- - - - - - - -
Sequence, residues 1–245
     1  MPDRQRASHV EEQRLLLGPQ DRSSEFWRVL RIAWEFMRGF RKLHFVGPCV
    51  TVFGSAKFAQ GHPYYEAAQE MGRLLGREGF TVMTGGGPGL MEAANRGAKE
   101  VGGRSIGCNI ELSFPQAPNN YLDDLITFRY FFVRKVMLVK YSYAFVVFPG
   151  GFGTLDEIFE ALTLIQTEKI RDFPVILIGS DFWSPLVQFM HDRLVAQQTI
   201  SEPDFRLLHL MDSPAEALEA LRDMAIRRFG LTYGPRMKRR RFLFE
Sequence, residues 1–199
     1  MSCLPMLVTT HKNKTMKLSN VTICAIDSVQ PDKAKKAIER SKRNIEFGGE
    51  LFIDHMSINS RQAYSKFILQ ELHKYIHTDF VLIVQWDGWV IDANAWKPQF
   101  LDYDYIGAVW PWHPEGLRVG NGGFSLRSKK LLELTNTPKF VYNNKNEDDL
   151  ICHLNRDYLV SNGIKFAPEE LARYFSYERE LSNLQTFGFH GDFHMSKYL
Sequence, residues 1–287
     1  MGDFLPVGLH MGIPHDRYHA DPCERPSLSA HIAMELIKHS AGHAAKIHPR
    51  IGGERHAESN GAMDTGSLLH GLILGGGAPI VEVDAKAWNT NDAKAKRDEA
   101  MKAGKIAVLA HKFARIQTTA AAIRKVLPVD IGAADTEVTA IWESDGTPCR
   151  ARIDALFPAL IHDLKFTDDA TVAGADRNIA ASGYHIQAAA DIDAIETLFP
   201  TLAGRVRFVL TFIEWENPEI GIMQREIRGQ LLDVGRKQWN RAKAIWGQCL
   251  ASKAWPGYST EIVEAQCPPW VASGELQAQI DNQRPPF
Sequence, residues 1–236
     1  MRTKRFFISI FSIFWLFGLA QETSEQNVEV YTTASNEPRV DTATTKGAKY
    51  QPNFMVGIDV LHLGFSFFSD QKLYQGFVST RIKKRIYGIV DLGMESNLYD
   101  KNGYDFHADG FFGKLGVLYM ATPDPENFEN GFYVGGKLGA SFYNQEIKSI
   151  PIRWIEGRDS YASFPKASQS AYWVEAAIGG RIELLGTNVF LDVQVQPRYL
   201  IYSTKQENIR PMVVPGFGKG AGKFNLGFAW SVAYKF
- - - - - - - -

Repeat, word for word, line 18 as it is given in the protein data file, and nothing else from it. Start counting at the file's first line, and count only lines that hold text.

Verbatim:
   251  ASKAWPGYST EIVEAQCPPW VASGELQAQI DNQRPPF